373. Memorandum for the Record1


  • Minutes of the Meeting of the Special Group (CI) 3 p.m., Friday, December 18, 1964


  • Governor Harriman, Mr. Rowan, Mr. McCone, Mr. Komer, Mr. Gaud vice Mr. Bell, Mr. McNaughton vice Mr. Vance, Colonel Loberg vice General Wheeler
  • Mr. Fields was present for Item 2
  • Mr. Montenegro and Mr. Meyer were present for Item 3
  • Mr. Maechling was present for the meeting

[Omitted here is discussion of an unrelated subject.]

2. Congo

Mr. McCone began by saying that the estimate of the situation in the Congo is a dreary one; that the government forces have a very tenuous hold on Stanleyville, that the main mercenary force is surrounded at Paulis, and that other government forces are under heavy attack in Uvira and Albertville. He informed the Group that the amount of arms and ammunition to the rebels thus far has been 25 plane loads, or about 175 tons plus “volunteers.” He stated that these arms alone may not be sufficient to swing the military balance, but that the arrival of trained ground forces could and that the government position would deteriorate rapidly unless additional military assistance is provided to the Congolese forces. Mr. McCone suggested that we should investigate ways to interdict these supplies.

Mr. McCone said that he had just come from a meeting with Ambassador Godley, who is of the opinion that Tshombe’s broadening his government at this time would not accomplish much, but that additional programs to provide services to liberated areas are desperately needed.

The Group generally discussed the pros and cons of using aid in other countries as a lever to obtain more support for the Tshombe government and to stop the flow of arms to the rebels. Mr. Gaud informed the Group that AID continually reviews existing programs and reminded the Group that there are other issues in Africa which must be considered. The Group expressed its appreciation of the fine job that [Page 539] USIA has done and is still doing to counteract the violent statements of the radical nations and to present the true picture of brutality and atrocities.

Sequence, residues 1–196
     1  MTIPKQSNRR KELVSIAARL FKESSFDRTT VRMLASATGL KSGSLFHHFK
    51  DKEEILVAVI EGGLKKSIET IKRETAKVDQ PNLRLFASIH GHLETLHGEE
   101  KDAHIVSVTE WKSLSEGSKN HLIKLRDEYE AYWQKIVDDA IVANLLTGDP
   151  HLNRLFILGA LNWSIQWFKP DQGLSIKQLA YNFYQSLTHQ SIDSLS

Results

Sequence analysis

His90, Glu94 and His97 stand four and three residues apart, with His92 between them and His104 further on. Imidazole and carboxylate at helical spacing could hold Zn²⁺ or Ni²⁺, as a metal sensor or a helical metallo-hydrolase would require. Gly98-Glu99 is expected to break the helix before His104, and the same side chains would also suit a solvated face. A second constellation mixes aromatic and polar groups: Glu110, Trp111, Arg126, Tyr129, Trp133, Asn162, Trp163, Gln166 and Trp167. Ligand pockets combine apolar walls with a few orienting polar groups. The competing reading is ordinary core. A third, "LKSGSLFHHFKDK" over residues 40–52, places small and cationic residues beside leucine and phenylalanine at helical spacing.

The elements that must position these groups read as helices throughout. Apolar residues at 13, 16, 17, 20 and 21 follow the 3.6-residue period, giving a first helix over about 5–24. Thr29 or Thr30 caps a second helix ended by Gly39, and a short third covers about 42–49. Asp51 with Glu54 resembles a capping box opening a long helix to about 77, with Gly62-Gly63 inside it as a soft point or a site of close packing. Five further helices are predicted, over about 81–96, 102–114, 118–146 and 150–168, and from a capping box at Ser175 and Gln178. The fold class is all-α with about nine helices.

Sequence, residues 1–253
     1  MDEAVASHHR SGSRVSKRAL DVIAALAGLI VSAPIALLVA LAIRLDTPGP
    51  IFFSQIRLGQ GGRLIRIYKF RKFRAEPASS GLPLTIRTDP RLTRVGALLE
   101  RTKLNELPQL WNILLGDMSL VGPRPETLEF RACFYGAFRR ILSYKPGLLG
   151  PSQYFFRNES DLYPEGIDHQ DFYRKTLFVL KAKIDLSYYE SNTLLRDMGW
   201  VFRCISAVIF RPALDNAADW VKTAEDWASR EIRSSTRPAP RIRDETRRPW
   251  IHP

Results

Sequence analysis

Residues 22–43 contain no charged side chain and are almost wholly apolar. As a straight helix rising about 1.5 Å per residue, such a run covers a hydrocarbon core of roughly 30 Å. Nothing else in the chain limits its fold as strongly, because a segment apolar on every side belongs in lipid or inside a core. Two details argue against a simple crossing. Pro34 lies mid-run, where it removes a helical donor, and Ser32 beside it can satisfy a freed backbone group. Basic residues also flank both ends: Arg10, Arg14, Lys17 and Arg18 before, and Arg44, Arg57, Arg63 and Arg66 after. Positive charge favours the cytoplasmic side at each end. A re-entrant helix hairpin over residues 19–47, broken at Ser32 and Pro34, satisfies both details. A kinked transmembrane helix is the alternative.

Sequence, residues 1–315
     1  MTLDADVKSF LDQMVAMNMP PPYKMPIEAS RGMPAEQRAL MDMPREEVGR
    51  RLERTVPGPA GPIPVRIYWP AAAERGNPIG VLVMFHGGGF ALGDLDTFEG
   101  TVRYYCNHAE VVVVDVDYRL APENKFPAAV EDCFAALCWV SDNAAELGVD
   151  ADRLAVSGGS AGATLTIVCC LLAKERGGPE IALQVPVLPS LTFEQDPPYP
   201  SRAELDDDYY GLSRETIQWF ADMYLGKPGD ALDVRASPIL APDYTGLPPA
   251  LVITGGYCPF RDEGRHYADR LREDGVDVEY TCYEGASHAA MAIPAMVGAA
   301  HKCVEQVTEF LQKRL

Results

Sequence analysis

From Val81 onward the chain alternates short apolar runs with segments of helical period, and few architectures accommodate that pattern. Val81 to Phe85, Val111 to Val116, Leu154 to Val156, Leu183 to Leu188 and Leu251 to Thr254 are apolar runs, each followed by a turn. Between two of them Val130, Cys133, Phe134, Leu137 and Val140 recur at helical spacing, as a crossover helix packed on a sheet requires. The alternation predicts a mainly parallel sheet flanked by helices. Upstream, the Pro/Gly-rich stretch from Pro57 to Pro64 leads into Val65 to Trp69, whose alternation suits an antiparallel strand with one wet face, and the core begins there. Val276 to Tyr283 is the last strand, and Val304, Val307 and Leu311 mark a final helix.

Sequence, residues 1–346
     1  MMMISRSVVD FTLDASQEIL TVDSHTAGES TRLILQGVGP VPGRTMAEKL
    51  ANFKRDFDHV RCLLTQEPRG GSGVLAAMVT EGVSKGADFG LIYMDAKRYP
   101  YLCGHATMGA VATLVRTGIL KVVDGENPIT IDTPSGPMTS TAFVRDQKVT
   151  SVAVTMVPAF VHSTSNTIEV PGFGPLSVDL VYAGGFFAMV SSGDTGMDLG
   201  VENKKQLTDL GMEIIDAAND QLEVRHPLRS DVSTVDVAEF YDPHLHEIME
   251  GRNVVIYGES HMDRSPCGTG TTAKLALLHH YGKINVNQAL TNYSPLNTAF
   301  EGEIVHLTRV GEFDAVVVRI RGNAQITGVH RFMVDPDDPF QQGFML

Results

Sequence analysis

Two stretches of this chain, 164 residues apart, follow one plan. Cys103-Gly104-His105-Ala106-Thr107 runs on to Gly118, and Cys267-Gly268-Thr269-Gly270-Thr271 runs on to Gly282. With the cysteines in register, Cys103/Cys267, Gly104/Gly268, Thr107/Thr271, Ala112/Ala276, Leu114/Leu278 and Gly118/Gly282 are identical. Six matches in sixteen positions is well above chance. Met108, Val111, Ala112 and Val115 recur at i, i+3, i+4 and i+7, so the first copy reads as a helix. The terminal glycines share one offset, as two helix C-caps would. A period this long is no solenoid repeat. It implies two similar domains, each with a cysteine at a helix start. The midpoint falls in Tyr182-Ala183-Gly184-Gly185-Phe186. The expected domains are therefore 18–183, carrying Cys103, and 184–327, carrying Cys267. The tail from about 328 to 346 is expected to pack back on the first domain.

Governor Harriman noted that Tshombe is unpopular even with our best friends in Africa and that the job now is to get Tshombe to work with other political parties, indicating that he is prepared to hold elections. He expressed the hope that additional assistance would provide Tshombe with time to work out a solution. Mr. McCone warned that to lose the Congo to the Communists would be like a “cancerous growth which would soon spread.” He suggested that we provide additional B–26’s of a later model to replace the poorly maintained B–26’s presently in the Congo. The Group strongly supported Mr. McCone’s recommendation for additional B–26’s.

Mr. Rowan agreed that we must take steps to prevent the fall of the Congo into Communist hands and asked what we are prepared to do if the “volunteers” do appear in sizeable numbers. He warned that if the presence of the “volunteers” threatens the legitimate Government of the Congo, Tshombe might well ask for US military assistance.

[Omitted here is discussion of unrelated subjects.]

C.G. Moody, Jr.
Executive Secretary
Special Group (CI)
  1. Source: National Archives, RG 59, S/S Files: Lot 68 D 451, Special Group (CI) Minutes of Meetings, July–Dec. 1964. Secret. Prepared on December 21.